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Thread: GVM upgrade

  1. #1
    Join Date
    Jan 2016
    Location
    Netherlands
    Posts
    323

    GVM upgrade

    Hi all,

    I know I do not live down under so the rules are different over there.

    So, I have been adding a lot of gear to my P38 and if you have followed the other threads on here you may have noticed that I have gotten closer and closer to GVM just by adding bars, winches, bash plates and the likes. I reckon that with the rtt, fridge, spare and a full tank of fuel I would have no carrying capacity left for any supplies, recovery gear (heavy) etc.

    Now, I know the rear axle at least is pretty much the same as in a defender (puma)? or is that just the diff? In any case the defender has a much higher carrying capacity and if I look at the plate in the front the rear axle should be capable of carrying more weight.

    In other words; do or have gvm upgrades exist(ed) for the P38? The local DMV is extremely inflexible in adjusting anything so even if I were to go that route I would have to temporarily export my vehicle to a neighbouring country that is a lot more accommodating and then re-import the car. Why? Well the rules say the our DMV has to accept ANY vehicle that has been accepted by another EU state

    Before I even consider going through all that hassle though I would be nice to know if anyone has already invented this wheel which could make my life a whole lot easier!

    Thanks!
    -P

  2. #2
    Join Date
    Feb 2019
    Location
    Dallas
    Posts
    19
    If you're running coil springs, realistically all you really need to do is increase the spring rate to improve the GVM. The ladder frame is already pretty stiff, and the axles, as you mentioned, are the same basic design as a Defender. Old Man Emu makes what you need, most likely. The transmission, engine, and final drive gears are unlikely to complain about some extra payload given that the trailer towing maximum is already 3500kg.

    If you're running air springs, I doubt there's much you can do to improve the load capacity. The rubber has a max operating pressure of 100psi. I don't think the Arnott Gen 3s are designed for higher loads than stock.

    As for miscellaneous other stuff, I'd recommend upgrading your brake pads to ones meant for trucks/towing and getting a set of LT-rated tires if you didn't already have them. You'll want to run significantly higher pressure than stock (probably 50+psi) to support that load.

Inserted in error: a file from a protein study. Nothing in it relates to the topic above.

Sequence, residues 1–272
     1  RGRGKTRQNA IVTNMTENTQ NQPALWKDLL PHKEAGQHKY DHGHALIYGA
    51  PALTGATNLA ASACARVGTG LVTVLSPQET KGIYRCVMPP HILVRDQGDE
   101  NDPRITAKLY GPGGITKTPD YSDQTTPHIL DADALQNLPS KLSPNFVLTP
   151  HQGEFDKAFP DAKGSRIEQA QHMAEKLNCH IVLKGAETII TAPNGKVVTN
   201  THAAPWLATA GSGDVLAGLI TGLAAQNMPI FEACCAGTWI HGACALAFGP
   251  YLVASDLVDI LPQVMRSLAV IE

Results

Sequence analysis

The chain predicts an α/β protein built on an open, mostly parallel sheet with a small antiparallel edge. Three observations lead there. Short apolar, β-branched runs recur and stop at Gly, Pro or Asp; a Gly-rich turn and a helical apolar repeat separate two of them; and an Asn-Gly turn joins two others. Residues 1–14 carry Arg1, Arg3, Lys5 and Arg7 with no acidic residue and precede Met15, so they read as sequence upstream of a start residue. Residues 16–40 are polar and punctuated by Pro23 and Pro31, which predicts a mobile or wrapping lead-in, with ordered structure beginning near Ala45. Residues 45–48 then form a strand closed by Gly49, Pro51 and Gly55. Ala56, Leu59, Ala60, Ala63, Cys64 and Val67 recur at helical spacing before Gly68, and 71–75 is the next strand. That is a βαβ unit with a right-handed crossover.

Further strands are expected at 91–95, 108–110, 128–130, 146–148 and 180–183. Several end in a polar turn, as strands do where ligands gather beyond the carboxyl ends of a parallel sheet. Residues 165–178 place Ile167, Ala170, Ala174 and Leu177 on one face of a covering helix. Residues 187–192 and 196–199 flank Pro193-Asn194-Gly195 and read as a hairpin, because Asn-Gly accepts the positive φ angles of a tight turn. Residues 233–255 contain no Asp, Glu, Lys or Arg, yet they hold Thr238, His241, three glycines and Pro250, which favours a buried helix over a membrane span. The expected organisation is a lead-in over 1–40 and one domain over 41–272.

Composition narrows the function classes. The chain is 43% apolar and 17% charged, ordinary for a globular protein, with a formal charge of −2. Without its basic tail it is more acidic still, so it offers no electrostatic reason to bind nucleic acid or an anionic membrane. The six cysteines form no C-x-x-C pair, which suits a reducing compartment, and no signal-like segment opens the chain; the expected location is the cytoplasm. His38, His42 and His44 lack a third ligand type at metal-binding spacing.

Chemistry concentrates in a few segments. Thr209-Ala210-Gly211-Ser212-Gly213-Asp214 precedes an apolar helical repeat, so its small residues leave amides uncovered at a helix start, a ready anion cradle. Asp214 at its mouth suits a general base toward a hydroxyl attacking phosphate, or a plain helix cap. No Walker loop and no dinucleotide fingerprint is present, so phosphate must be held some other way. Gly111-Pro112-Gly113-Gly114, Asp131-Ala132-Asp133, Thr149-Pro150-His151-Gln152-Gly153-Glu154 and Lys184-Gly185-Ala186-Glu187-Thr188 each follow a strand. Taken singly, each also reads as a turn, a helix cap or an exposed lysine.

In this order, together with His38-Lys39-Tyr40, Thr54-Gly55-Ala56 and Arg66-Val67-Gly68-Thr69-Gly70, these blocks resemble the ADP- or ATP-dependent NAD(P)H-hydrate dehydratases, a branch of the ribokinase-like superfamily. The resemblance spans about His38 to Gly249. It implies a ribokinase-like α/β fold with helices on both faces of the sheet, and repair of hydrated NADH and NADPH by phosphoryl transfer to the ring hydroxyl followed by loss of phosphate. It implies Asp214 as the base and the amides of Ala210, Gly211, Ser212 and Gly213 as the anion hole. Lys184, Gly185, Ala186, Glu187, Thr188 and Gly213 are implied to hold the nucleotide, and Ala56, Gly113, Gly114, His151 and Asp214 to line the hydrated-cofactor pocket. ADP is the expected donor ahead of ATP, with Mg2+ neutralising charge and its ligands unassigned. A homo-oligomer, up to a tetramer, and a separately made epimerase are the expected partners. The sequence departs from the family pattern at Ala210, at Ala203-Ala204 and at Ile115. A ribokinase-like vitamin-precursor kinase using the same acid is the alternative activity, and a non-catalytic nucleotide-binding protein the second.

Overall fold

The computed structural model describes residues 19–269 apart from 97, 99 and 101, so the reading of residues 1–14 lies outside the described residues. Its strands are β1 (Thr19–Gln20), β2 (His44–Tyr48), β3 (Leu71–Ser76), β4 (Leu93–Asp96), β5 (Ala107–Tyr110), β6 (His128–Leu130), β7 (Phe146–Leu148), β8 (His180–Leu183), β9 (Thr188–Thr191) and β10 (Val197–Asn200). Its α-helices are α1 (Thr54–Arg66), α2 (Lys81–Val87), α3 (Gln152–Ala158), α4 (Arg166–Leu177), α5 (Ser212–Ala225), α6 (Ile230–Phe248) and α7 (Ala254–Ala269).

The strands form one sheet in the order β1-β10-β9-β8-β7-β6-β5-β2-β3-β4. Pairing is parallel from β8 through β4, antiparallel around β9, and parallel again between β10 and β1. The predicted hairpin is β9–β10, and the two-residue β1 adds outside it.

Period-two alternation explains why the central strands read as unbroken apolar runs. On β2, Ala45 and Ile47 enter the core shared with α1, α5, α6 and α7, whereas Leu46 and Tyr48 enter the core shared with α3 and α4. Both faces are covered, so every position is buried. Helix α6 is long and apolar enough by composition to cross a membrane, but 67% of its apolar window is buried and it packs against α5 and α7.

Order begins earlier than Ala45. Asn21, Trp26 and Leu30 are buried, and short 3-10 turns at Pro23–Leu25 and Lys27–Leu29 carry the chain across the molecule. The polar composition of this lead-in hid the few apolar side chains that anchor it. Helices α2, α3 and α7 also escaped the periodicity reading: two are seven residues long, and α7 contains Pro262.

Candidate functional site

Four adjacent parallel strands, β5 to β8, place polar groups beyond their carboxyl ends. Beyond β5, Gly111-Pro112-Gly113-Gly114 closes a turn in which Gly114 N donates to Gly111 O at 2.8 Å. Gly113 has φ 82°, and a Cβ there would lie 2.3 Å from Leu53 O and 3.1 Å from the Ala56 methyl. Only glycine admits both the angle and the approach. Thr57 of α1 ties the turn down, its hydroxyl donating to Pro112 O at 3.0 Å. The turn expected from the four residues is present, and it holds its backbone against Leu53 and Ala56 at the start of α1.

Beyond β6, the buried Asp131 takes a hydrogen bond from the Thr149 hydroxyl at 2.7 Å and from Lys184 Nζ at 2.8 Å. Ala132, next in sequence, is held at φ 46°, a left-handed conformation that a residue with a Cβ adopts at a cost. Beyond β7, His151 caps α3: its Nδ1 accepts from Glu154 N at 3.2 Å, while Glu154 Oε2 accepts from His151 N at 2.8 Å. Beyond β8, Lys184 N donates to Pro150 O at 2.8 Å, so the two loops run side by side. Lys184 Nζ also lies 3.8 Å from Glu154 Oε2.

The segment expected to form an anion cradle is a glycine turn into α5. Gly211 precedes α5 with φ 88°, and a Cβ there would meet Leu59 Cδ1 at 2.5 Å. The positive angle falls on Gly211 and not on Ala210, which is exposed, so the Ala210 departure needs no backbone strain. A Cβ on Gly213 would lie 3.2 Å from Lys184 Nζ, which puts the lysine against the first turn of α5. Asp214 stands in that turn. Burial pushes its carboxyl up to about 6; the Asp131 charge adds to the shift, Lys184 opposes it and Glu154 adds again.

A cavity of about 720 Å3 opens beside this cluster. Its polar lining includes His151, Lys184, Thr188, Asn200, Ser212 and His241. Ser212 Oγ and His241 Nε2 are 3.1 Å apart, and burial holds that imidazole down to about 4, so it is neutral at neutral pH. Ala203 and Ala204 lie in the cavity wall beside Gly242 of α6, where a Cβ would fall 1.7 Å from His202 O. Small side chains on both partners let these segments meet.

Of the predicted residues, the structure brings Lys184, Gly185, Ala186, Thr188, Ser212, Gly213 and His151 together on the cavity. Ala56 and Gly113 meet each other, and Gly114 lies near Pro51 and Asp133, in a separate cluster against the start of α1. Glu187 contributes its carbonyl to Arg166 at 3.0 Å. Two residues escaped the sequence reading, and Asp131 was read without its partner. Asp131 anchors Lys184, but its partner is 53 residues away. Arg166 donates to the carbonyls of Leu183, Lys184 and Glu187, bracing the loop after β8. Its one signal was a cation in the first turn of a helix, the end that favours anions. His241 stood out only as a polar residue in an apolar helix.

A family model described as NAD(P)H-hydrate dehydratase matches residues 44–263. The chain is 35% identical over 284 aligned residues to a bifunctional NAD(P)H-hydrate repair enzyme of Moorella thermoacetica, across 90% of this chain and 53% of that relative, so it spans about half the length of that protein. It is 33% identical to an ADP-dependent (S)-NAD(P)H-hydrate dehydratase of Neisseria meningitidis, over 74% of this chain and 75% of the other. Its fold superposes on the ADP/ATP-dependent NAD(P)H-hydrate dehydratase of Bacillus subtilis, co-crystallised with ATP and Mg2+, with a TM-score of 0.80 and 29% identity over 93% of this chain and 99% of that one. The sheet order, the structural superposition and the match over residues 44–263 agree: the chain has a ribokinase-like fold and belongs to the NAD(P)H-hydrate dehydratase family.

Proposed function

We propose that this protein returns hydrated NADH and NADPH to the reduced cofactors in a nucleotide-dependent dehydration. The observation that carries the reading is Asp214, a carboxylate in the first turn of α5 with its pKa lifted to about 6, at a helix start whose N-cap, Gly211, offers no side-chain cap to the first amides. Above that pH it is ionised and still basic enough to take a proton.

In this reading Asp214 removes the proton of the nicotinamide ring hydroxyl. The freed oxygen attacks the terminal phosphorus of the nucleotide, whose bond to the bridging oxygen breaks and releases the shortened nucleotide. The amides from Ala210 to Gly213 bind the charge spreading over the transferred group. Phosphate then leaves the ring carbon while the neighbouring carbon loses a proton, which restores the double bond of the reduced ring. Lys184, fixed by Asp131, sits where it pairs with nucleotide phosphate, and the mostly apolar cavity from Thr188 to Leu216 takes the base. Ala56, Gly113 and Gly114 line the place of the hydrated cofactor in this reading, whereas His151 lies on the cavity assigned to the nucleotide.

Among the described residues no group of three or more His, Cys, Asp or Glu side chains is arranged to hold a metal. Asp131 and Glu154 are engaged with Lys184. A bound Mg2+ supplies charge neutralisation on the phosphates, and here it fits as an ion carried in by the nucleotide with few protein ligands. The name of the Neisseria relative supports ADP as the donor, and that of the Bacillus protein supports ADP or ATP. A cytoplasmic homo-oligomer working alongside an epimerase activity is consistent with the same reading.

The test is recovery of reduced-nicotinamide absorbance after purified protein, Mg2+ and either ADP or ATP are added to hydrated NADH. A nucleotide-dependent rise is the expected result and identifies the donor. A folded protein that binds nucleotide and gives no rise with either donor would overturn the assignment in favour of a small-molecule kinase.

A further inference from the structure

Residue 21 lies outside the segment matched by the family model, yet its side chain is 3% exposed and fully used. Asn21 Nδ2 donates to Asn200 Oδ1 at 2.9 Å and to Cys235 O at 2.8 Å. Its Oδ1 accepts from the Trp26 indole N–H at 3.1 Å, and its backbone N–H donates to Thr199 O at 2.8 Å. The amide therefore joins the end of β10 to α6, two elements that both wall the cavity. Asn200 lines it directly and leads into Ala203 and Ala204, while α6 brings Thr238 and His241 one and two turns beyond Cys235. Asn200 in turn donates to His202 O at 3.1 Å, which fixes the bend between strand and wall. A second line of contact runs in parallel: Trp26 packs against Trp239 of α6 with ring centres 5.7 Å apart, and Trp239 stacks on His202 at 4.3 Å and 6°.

3. #3
    Join Date
    Jan 2016
    Location
    Netherlands
    Posts
    323
    Quite interesting. I did not know the rubber was rated to 100 psi. My system pressurizes up to 150 psi, I believe that is the value of the cut-off switch. Of course, that much pressure is never applied to the airbags. I never measured the pressure on the bags when the car is loaded...

    Anyway, if the bags are the limiting factor that would be a shame. I'm pretty sure other bags could be a workaround but this is starting to become a "redesign my car" job. I guess I'll have to start work on my air-rebuild project and insert pressure sensors to see how much pressure is on each line.

    I have heard people about popping bags but I've never run into that problem myself before so I am not sure what causes it. I have been running a quite heavy laden vehicle (on gvm I would venture a guess) on pretty rough tracks (in europe, ok :P) but never had an issue. Perhaps someone can chip in with experiences in losing a bag on the road (or on the tracks).

    My main concern right now is that quite a few "unsolvable" issues are rearing their head, particularly in the weight department. Running normal springs kinda defeats the purpose as far as I am concerned. I might as well jump ship to a car that has payload to begin with (110/130, LC 70 series?)

    Cheers,
    -P

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